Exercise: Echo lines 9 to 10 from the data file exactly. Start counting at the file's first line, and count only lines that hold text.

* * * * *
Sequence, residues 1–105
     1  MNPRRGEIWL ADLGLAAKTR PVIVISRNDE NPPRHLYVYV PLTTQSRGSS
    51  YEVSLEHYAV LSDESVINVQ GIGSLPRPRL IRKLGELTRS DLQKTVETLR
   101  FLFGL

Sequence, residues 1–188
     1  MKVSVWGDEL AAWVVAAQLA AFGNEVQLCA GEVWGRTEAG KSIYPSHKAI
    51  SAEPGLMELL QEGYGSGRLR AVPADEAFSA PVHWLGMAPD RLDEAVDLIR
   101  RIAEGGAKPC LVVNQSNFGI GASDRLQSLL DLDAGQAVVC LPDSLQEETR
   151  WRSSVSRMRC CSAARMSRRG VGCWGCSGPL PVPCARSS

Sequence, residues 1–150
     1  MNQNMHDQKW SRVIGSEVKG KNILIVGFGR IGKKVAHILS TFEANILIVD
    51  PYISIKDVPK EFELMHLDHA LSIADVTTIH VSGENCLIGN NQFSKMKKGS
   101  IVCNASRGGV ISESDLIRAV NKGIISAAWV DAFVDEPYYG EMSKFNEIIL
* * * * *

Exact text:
   151  WRSSVSRMRC CSAARMSRRG VGCWGCSGPL PVPCARSS

Sequence, residues 1–150